Clostridium difficile is a confirmed pathogen in a wide variety of mammals, but the incidence of disease varies greatly in relation to host species, age, environmental density of spores, administration of antibiotics, and possibly, other factors. Lesions vary as well, in severity and distribution within individuals, and in some instances, age groups, of a given species. The cecum and colon are principally affected in most species, but foals and rabbits develop severe jejunal lesions. Explanations for variable susceptibility of species, and age groups within a species, are largely speculative. Differences in colonization rates and toxin-receptor densities have been proposed. Clostridium difficile-associated disease is most commonly diagnosed in Syrian hamsters, horses, and neonatal pigs, but it is reported sporadically in many other species. The essential virulence factors of C. difficile are large exotoxins, toxin A (TcdA) and toxin B (TcdB). Receptor-mediated endocytosis of the toxins is followed by endosomal acidification, a necessary step for conversion of the toxin to its active form in the cytosol. Cell-surface receptors have been characterized for TcdA, but remain to be identified for TcdB. Both TcdA and TcdB disrupt the actin cytoskeleton by disrupting Rho-subtype, intracellular signaling molecules. Disruption of the actin cytoskeleton is catastrophic for cellular function, but inflammation and neurogenic stimuli are also involved in the pathogenesis of the disease.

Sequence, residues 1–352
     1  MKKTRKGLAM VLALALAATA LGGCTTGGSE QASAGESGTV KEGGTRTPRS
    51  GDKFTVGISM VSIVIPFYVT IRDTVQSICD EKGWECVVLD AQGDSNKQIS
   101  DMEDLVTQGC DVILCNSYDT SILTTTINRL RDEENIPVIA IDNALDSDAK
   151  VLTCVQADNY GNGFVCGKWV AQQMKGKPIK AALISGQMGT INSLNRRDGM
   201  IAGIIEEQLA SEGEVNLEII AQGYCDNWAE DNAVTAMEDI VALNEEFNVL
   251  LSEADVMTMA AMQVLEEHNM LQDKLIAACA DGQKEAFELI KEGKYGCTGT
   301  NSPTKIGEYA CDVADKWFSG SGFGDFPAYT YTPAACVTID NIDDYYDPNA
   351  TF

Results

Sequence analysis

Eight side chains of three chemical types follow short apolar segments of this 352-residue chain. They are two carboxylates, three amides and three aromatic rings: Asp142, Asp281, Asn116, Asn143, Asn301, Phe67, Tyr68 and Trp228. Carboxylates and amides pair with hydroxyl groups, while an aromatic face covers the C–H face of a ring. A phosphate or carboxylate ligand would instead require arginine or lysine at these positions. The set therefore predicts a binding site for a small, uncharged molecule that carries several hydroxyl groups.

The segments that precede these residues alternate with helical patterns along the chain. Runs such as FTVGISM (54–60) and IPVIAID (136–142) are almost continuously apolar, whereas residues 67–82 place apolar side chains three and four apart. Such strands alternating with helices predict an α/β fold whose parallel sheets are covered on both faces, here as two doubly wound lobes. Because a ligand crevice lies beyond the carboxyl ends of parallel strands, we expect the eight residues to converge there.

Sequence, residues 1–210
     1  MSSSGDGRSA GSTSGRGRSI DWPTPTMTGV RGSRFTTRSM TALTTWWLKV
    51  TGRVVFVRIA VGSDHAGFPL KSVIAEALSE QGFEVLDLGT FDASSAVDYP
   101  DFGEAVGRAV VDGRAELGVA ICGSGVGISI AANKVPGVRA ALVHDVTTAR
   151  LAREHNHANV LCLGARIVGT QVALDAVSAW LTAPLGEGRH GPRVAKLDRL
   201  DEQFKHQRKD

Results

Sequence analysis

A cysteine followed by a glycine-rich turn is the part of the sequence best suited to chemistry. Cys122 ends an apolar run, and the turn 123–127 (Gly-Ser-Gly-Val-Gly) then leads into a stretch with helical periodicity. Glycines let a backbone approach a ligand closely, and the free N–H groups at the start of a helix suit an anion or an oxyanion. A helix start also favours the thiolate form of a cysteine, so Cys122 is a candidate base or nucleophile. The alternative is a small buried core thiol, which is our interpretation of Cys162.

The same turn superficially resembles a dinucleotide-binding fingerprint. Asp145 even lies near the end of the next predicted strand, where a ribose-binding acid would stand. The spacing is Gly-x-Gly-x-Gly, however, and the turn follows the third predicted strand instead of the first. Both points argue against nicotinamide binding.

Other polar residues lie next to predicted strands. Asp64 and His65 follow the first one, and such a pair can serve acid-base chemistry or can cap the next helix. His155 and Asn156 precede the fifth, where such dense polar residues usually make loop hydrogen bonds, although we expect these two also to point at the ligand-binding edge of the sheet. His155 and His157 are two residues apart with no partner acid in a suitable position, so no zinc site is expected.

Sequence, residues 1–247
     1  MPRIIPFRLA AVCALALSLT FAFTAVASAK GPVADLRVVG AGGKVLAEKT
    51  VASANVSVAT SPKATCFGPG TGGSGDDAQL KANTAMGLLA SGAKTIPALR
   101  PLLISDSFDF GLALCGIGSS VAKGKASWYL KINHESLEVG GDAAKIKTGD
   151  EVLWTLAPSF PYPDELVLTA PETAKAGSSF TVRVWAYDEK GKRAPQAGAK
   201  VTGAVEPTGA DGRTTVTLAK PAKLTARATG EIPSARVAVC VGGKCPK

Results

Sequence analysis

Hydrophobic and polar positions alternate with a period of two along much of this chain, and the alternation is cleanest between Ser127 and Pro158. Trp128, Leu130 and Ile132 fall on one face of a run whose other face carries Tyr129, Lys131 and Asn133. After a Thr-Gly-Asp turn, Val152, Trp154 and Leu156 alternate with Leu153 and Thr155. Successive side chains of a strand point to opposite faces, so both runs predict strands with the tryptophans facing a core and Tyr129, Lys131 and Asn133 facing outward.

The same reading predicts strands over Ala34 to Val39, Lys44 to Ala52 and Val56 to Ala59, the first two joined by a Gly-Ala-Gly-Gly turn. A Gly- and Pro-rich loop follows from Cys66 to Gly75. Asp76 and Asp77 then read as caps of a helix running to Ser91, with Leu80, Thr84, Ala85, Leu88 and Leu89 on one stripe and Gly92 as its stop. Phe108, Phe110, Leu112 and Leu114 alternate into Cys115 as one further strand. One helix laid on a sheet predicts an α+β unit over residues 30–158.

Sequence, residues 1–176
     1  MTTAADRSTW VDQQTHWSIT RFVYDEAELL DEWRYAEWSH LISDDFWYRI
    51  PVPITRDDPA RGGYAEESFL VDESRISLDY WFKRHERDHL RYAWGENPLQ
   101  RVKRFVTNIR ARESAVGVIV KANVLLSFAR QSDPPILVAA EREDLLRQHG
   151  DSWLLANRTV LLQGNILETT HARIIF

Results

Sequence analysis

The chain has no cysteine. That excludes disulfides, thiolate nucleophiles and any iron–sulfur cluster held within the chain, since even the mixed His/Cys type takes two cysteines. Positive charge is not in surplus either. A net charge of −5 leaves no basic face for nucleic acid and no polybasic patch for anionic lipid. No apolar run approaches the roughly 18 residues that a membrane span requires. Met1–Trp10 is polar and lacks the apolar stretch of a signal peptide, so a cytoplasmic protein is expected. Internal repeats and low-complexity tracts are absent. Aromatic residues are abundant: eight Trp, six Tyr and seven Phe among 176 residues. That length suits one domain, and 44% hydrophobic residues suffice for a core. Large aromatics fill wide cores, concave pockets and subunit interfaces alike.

- Antibiotic-associated diarrhea
- Clostridium difficile
ASJC Scopus subject areas